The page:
Parents often wonder, "How long should we wait before having another child?" Family happiness depends more on love than on pinpoint spacing of children. But optimum spacing can head off many problems.
A Question of SpaceThree-and-a-half years is ideal spacing.
Research shows that 3-1/2 years is the ideal interval between siblings. By that age, most children have achieved some autonomy and are not threatened by the arrival of a sibling. However, you're just as apt to have difficulty with a spacing of 5 years as you are with a spacing of 1-1/2 years.
If your children are spaced too close together, your first child may not be ready to do with less attention from you when the second comes along. To keep the baby from taking the cherished place in the spotlight, the older child may begin acting babyish or become aggressive toward the new baby.
On the other hand, if you have too much space between children, the older child may have settled too comfortably into the "only child" role. By that time the role seems like a territorial right. The older child may act jealous by teasing, ignoring, or refusing to share toys.
Spacing is often at the root of these common parental complaints:
Q: We have a 3-year-old son and an 8-month-old daughter. Suddenly, our son wants to drink from a bottle, wear diapers during the day, and be rocked to sleep. Despite his tantrums, we haven't given in to him. Now he's started wetting his pants during the day, something he hasn't done in nearly six months. What should we do?
A: Reassure your son that his place in the family is still secure and protected. Also convince him, firmly but gently, that the time for bottles, rocking, and diapers has passed. The next time he wets his pants, have him help you clean up. Teach him to rinse out his wet clothing and hang it over the tub to dry. Don't be punitive or worry about how good a job he does. You are only making him responsible and showing him you won't give in on the diaper issue.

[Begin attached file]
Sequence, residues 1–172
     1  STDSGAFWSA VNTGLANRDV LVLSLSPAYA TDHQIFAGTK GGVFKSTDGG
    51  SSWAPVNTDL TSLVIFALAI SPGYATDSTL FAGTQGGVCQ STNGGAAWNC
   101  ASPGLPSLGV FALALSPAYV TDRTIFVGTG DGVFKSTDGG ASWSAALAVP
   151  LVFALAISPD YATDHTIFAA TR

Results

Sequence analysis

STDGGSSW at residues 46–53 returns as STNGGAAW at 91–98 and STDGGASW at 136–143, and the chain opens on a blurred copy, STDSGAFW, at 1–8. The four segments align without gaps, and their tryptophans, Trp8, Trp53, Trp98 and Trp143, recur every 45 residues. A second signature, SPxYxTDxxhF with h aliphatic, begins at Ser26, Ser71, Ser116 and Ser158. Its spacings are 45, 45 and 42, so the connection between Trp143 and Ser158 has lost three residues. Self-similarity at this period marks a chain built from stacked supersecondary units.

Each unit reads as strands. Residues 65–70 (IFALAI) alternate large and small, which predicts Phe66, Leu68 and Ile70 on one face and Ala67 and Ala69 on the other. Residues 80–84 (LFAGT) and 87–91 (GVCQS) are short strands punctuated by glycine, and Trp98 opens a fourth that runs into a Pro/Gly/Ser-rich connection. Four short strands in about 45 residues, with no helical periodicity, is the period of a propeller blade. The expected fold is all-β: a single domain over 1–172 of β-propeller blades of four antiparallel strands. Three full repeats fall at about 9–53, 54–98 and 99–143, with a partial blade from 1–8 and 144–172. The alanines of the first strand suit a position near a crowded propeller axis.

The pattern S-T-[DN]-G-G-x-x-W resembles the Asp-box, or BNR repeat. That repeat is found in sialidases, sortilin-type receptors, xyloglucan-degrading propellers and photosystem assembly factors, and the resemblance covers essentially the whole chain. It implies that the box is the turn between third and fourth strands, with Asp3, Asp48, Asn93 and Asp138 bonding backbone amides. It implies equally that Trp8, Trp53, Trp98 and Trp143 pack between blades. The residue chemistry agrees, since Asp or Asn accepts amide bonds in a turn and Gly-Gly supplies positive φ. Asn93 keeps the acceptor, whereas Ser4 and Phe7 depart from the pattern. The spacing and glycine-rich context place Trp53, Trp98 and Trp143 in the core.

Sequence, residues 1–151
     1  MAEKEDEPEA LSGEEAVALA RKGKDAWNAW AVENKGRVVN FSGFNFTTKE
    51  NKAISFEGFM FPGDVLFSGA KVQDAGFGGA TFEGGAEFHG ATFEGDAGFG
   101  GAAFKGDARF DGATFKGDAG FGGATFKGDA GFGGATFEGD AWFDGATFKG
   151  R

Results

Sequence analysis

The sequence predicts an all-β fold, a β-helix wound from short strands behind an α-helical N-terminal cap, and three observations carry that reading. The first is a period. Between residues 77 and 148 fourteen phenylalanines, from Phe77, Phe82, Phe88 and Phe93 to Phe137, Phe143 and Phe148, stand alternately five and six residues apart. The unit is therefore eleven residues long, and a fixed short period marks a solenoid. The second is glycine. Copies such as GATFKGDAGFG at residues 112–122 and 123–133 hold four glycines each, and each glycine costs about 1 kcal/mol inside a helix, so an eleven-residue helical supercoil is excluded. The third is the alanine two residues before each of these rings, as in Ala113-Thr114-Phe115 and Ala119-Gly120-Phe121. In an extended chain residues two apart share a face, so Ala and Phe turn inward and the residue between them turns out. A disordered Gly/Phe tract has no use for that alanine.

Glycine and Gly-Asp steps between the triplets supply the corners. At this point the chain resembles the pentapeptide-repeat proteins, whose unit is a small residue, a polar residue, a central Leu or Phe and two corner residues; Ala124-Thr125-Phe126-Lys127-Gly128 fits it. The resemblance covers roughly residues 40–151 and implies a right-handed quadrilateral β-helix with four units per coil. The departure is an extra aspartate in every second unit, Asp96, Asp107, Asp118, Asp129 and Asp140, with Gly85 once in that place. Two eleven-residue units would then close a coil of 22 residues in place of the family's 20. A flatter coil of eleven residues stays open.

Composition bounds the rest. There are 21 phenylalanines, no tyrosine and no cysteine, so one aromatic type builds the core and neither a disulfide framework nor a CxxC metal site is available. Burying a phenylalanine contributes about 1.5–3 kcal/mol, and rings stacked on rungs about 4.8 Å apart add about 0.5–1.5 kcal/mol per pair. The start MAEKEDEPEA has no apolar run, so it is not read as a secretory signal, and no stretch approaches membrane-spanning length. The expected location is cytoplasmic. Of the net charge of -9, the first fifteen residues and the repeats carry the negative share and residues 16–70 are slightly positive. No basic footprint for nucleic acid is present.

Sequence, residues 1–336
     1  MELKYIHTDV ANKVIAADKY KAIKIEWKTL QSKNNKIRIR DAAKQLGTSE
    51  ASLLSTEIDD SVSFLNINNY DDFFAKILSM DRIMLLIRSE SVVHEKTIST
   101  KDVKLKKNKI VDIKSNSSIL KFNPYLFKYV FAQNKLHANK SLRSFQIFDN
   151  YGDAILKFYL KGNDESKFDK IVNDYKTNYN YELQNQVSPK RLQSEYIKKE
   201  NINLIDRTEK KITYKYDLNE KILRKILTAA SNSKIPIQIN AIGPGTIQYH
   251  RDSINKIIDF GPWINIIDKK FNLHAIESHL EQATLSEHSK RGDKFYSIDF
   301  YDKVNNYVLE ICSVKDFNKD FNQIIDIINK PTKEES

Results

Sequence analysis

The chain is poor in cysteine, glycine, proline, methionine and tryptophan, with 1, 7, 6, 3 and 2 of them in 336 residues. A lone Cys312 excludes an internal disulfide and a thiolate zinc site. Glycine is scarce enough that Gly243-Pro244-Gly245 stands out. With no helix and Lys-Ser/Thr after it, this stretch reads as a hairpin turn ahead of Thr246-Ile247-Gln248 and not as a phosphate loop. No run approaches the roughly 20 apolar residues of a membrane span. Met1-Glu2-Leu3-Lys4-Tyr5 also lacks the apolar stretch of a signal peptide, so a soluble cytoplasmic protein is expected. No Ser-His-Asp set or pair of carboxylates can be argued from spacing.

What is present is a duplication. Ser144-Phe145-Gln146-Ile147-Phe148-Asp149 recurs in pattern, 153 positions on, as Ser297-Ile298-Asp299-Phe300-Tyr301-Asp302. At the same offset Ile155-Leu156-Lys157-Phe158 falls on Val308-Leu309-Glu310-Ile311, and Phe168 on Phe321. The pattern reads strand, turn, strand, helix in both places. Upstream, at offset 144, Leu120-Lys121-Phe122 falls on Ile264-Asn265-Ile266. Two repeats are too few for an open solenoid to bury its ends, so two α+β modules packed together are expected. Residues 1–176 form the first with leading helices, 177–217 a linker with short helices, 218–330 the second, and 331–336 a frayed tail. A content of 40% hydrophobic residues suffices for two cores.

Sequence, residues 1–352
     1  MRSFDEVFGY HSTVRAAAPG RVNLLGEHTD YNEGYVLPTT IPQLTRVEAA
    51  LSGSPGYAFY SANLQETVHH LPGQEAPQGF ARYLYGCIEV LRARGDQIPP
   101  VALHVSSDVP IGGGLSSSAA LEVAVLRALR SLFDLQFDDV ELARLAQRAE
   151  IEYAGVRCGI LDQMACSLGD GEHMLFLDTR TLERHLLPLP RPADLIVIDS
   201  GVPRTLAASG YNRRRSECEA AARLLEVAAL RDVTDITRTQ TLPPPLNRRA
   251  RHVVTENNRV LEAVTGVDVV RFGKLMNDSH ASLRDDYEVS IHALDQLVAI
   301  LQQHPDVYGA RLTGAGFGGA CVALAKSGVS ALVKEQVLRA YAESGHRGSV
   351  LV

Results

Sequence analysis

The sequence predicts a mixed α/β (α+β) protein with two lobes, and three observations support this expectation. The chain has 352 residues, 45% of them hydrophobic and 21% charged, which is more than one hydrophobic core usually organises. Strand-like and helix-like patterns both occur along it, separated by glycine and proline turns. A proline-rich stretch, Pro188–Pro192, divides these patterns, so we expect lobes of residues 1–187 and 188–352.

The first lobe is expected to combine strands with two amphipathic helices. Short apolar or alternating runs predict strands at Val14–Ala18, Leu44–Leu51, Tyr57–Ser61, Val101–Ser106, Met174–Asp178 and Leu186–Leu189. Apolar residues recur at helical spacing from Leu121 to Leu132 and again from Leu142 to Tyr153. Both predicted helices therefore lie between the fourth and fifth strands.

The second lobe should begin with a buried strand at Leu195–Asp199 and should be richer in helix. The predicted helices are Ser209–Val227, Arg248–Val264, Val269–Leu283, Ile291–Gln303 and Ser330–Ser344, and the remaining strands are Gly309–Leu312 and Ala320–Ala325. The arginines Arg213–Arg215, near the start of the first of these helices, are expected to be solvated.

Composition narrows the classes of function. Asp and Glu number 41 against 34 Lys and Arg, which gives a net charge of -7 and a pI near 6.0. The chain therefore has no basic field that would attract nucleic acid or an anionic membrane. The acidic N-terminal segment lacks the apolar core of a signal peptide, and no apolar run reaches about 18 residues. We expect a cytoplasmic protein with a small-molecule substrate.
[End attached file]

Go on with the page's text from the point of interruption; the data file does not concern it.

Q: Our 2-1/2-year-old has recently started hitting, pushing, and squeezing her 10-month-old brother. What's causing this and how should we handle it?
A: Your daughter's aggression comes from jealousy, territorial instincts, and clumsy attempts to play with the baby.
Your first order of business is to protect your son. Your second is to teach your daughter to be gentle with her brother. Begin by putting him completely off-limits to her. For at least a week, don't even let her come near him. But do allow her to get things for you while you're involved with the baby.
After a week or so, allow her brief moments of closely supervised contact with her brother -- such as getting toys for him and helping you change him. Praise her for being gentle. In time, let her get involved more often.